Ehrlichiosis and anaplasmosis

Last reviewed: 1 Nov 2022
Last updated: 21 May 2020

Summary

Definition

History and exam

Key diagnostic factors

  • presence of risk factors
  • fever
  • headache
  • malaise
  • myalgia
  • arthralgia
  • nausea
  • small erythematous lesion with or without necrotic centre
  • non-specific rash
More key diagnostic factors

Other diagnostic factors

  • vomiting
  • diarrhoea
  • abdominal pain
  • cough
  • dyspnoea
  • stiff neck
  • confusion
  • photophobia
  • stupor
  • coma
  • seizures
  • lymphadenopathy
  • jaundice
  • hepatomegaly
  • splenomegaly
  • secondary infections
Other diagnostic factors

Risk factors

  • tick bite/exposure
  • immunosuppression
  • age over 60 years
  • male sex
More risk factors

Diagnostic investigations

1st investigations to order

  • FBC
  • LFTs
  • peripheral blood smear
More 1st investigations to order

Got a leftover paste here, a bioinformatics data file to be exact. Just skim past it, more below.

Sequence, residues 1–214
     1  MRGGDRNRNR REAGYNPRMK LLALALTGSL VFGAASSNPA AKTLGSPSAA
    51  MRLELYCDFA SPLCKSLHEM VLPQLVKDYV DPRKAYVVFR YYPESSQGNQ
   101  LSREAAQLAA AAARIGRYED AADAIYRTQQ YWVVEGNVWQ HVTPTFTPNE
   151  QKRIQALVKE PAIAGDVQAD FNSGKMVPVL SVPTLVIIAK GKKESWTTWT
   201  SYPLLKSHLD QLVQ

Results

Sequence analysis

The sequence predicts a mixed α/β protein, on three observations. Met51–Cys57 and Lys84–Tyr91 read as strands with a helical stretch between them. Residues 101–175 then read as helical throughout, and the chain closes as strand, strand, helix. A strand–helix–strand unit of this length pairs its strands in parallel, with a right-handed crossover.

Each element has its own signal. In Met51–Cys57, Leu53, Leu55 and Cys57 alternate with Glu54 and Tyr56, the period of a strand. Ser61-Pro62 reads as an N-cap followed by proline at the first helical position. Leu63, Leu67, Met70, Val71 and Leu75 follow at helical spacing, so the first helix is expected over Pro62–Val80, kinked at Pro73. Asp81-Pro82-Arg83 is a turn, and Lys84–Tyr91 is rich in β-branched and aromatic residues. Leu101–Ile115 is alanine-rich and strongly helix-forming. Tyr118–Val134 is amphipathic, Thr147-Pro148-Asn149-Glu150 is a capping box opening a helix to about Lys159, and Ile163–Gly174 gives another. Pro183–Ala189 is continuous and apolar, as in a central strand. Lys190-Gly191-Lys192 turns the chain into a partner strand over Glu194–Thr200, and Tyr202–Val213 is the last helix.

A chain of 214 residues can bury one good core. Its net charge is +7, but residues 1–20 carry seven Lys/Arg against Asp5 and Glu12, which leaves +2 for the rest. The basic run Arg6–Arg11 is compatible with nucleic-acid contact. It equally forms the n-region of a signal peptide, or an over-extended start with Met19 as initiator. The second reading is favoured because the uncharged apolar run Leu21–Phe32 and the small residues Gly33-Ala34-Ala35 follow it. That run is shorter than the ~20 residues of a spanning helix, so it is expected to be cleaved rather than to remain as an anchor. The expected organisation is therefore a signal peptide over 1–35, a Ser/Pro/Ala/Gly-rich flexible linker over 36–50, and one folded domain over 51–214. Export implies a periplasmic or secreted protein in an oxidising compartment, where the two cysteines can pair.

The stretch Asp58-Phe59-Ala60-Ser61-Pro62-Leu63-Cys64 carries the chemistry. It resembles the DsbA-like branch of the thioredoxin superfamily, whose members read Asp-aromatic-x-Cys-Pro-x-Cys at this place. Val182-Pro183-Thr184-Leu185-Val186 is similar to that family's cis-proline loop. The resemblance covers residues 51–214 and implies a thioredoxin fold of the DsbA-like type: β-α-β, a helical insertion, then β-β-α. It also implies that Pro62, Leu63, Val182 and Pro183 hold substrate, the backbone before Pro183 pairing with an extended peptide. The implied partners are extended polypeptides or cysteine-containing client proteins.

Investigations to consider

  • immunofluorescence antibody assay
  • polymerase chain reaction
More investigations to consider

Emerging tests

  • Western immunoblotting
  • culture
  • immunohistochemistry

Treatment algorithm

INITIAL

adults

children

Contributors

Authors

Juan P. Olano, MD

Professor

Department of Pathology

University of Texas Medical Branch

Galveston

TX

Disclosures

JPO is the author of a number of references cited in this topic.

Peer reviewers

Linda S. Nield, MD

Associate Professor of Pediatrics

West Virginia University School Of Medicine

Morgantown

WV

Disclosures

LSN declares that she has no competing interests.

Richard Reithinger, MD, PhD

Professor

London School of Hygiene and Tropical Medicine

London

UK

Disclosures

RR declares that he has no competing interests.

  • Ehrlichiosis and anaplasmosis images
  • Differentials

    • Pneumonia, bacterial or viral
    • Gastroenteritides, bacterial or viral
    • Cholecystitis
    More Differentials
  • Guidelines

    • CDC health information for international travel: rickettsial diseases (including spotted fever & typhus fever, rickettsioses, scrub typhus, anaplasmosis, and ehrlichiosis)
    • Tickborne diseases of the United States: a reference manual for health care providers
    More Guidelines
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